The Penguins had won Game 3 of a first-round Stanley Cup playoff series against the New York Islanders on left winger Chris Kunitz's overtime goal Sunday afternoon.

They had taken a 2-1 lead in the best-of-seven series.

They had avoided any reason to feel pressure heading into Game 4 on Tuesday at Nassau Coliseum.

“We didn't (lose), and they didn't (win),” Fleury said. “So let's not go there.”

There, of course, is recent history that hovers over the Penguins — specifically a nucleus that includes captain Sidney Crosby, his fellow former MVP/scoring champion center Evgeni Malkin, coach Dan Bylsma, general manager Ray Shero and Fleury, the franchise goalie.

Those men had the Penguins favored to reach the Stanley Cup final last year, too. Blown leads and poor play led to a 3-0 hole in a series that the Philadelphia Flyers ultimately won in six games.

Those men had the Penguins as the defending champions in 2010. Then uncharacteristic gaffes helped the eighth-seeded Montreal Canadiens turn a 3-2 series deficit into a seven-game dethroning.

Another seven-game loss, to Tampa Bay in a series that Crosby and Malkin missed, was wedged between the disappointing defeats to Montreal and Philadelphia.

“We can't expect certain things to go away,” defenseman Paul Martin said.

The Penguins, favored since the NHL lockout ended in January to reclaim the Cup they won in 2009, can expect extreme scrutiny of every win and loss this postseason.

“For sure, and partly that's from everyone else,” Martin added. “It's, ‘Look at who the Penguins picked up (before the NHL trade deadline), look at how good they are.' Obviously, we have a lot of good players, and we put up a lot of wins during the regular season, but that doesn't mean anything.”

Having Crosby and Malkin healthy — relatively, as Crosby is recovering from a broken jaw and Malkin is dealing with a sore left shoulder — doesn't mean anything.

Having dressed for Game 3 nine players who also were dressed for that victorious Game 7 of the Cup Final at Detroit four years ago doesn't mean anything.

Having wingers Jarome Iginla and Brenden Morrow, each a former team captain who waived a no-trade clause in his contract to join the Penguins, doesn't mean anything.

Also something that meant nothing Sunday: Protecting a lead.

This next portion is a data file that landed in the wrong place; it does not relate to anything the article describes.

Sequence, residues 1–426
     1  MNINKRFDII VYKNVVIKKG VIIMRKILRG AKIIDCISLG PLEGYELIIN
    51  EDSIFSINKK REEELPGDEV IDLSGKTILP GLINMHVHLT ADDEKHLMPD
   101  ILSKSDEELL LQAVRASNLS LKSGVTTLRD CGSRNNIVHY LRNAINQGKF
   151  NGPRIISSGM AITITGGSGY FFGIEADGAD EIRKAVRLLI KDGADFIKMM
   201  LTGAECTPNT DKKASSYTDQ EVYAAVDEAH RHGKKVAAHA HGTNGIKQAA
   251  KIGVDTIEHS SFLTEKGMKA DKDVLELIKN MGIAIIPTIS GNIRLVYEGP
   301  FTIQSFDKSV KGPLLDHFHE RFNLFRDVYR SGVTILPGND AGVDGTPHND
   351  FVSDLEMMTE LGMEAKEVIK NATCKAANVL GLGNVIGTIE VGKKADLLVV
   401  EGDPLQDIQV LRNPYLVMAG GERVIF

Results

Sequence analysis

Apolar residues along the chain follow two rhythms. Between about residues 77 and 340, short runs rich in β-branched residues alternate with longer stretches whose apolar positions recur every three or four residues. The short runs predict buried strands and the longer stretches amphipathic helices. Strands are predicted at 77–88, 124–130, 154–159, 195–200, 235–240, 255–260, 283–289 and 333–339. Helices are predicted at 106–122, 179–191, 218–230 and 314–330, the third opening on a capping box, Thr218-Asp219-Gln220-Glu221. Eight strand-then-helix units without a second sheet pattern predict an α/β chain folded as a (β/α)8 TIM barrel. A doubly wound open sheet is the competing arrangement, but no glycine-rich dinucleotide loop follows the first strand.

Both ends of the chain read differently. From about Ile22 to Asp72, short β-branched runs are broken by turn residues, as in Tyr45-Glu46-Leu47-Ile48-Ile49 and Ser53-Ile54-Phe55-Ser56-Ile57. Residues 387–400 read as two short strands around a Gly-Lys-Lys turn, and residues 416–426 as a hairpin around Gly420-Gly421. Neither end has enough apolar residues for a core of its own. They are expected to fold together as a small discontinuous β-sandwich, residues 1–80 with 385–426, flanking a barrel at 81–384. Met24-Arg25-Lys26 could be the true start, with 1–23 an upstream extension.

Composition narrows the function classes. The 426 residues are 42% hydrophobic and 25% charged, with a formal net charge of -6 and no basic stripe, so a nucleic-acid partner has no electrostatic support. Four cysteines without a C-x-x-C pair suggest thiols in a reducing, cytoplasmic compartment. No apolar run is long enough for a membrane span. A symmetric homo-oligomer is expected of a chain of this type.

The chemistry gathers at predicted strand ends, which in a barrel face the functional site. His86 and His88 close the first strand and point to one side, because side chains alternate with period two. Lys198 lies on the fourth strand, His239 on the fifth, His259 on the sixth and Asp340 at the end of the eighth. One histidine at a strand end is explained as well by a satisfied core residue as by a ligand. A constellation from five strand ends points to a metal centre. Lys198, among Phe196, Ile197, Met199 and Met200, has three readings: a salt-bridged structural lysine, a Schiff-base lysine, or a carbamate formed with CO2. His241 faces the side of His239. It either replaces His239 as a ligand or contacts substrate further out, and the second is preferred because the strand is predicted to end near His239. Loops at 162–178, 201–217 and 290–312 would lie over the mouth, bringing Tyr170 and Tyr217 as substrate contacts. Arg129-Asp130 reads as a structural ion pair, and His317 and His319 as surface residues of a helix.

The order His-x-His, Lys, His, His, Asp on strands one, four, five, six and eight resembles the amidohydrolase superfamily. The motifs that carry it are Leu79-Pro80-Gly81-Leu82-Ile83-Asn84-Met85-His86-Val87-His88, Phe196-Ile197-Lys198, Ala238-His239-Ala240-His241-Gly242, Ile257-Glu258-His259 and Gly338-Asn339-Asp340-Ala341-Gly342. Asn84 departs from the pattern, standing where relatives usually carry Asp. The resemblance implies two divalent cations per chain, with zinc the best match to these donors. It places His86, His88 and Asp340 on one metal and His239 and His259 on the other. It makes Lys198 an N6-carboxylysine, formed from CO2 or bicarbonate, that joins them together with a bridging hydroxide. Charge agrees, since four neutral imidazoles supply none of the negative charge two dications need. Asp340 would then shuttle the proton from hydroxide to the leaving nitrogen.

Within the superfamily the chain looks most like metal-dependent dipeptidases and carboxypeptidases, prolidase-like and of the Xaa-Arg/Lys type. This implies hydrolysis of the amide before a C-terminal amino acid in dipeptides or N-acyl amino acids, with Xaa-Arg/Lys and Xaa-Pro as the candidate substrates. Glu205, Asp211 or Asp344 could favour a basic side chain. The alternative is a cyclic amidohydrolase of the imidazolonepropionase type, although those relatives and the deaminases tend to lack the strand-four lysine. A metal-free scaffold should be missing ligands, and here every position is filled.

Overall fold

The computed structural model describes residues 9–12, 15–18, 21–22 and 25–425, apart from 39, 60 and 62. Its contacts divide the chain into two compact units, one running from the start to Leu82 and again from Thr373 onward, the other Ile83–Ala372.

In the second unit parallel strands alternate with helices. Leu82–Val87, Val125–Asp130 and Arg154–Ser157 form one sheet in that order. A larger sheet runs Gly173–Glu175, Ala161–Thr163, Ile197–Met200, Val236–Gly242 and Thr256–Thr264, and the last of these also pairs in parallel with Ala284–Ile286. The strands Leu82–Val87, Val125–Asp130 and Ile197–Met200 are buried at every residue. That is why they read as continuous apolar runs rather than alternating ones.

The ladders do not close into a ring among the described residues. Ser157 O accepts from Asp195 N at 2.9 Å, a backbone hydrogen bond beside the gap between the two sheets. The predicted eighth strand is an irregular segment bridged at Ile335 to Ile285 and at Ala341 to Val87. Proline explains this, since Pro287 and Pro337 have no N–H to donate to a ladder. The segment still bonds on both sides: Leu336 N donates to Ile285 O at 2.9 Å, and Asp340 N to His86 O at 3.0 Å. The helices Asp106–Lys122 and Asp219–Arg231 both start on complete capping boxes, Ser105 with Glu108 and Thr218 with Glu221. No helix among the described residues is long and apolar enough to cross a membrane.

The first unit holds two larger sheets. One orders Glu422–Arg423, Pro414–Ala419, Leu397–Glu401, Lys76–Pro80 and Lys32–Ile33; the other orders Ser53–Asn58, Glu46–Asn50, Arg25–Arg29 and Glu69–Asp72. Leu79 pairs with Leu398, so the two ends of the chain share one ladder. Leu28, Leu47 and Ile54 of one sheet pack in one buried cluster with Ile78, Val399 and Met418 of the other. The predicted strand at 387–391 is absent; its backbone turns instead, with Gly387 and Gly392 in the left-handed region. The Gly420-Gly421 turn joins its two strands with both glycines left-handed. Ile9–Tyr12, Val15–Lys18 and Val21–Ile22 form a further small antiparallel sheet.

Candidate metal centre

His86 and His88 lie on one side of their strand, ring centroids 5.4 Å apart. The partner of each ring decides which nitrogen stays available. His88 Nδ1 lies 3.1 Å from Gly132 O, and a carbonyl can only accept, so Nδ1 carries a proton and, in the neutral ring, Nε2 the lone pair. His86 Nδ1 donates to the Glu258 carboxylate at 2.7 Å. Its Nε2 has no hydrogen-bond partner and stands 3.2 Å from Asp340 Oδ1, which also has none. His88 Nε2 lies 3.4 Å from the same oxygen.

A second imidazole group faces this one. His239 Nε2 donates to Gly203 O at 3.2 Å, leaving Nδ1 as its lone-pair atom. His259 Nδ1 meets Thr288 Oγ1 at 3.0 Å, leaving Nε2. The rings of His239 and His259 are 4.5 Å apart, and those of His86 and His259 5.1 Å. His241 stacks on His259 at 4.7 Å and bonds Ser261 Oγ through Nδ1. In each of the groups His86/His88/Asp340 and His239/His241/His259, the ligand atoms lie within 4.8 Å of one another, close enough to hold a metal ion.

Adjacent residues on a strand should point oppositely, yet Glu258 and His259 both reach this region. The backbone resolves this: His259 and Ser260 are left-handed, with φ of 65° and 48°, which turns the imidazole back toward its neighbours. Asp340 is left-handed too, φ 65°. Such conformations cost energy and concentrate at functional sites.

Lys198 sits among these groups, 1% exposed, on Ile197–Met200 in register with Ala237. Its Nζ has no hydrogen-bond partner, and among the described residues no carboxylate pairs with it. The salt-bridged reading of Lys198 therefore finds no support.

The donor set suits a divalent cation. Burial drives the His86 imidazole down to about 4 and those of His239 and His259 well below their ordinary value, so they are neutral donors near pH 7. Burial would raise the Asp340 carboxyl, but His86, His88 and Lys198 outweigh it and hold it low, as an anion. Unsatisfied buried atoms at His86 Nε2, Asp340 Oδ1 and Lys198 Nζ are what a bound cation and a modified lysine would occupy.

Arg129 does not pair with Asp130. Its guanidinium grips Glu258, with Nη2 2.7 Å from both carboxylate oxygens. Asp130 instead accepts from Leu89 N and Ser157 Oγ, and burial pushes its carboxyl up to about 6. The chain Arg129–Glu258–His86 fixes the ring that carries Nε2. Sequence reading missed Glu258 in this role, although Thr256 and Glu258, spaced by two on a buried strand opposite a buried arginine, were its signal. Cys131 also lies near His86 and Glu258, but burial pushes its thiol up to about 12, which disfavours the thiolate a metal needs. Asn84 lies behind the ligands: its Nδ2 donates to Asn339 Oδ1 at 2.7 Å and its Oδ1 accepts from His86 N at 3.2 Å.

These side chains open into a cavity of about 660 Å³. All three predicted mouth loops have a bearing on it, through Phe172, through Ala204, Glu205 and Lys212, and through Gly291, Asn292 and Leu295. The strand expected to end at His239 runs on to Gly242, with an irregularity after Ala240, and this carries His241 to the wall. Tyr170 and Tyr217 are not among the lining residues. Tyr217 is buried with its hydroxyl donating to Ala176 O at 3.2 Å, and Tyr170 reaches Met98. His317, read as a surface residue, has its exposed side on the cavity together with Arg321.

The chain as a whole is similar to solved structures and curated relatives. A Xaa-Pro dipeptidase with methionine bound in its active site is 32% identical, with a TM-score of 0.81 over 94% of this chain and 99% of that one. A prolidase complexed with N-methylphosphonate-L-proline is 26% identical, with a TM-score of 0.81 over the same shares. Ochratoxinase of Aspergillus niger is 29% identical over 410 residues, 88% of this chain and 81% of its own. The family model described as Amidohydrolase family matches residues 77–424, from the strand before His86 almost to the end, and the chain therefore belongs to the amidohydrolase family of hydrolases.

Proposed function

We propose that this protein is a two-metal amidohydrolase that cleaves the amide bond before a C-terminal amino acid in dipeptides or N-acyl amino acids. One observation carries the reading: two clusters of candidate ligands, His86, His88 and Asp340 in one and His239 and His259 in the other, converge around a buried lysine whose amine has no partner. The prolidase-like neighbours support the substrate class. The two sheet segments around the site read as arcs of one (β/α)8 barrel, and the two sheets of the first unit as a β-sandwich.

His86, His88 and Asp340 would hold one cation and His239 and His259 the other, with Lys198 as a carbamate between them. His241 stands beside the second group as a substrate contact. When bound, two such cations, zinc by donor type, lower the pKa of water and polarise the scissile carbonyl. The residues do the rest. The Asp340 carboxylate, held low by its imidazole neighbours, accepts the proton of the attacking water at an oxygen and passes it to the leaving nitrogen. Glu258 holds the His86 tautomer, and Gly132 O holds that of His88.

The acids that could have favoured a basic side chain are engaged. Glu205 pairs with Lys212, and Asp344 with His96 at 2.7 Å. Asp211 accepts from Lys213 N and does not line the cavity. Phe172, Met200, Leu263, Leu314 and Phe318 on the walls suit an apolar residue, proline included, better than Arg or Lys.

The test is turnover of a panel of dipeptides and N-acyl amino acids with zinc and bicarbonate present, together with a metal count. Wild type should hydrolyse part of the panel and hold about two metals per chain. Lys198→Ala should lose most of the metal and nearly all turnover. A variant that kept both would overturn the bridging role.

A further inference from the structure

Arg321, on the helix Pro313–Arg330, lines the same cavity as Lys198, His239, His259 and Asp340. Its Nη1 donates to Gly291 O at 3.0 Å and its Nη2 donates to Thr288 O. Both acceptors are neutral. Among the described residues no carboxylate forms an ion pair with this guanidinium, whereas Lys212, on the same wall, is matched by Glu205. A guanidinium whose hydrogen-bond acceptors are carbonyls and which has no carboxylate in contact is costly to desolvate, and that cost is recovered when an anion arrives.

The Islanders were ahead, 2-0, before Iginla (5 on 3) and Kunitz pulled the Penguins even with power-play goals, and right winger Pascal Dupuis' third of the playoffs staked his club a lead late in the first period.

Malkin then found defenseman Douglas Murray, whose first goal in 35 playoff games pushed the Penguins to a 4-2 lead that they carried into the final period.

Two of the Islanders' most skilled forwards, right winger Kyle Okposo and center John Tavares, erased that deficit in a span of about five minutes late in regulation.

Okposo's shorthanded goal stands as the only blemish of the series for a Penguins power play that has gone 6 for 13 (46.2 percent).

Actually, the Islanders probably can find comfort in knowing that they are outscoring the Penguins at 5-on-5 play over the past two games, 6-4.

“We're up (in the series), 2-1, yes, but at the same time, the power play has saved us,” Dupuis said.

So, too, has this history that hovers, Fleury said.

Champions are not preordained. Playoff wins — a game, let alone a series — are not easily obtained.

The Penguins are not perfect.

They are, however, two wins closer to their stated goal of four playoff victories.

“It's big,” Fleury said. “It's a win. That's what matters.

“We have guys who have experiences, a lot of guys who have been through a lot. That's what pays off for us in these playoffs.”

Rob Rossi is a staff writer for Trib Total Media. Reach him at rrossi@tribweb.com or via Twitter @RobRossi_Trib.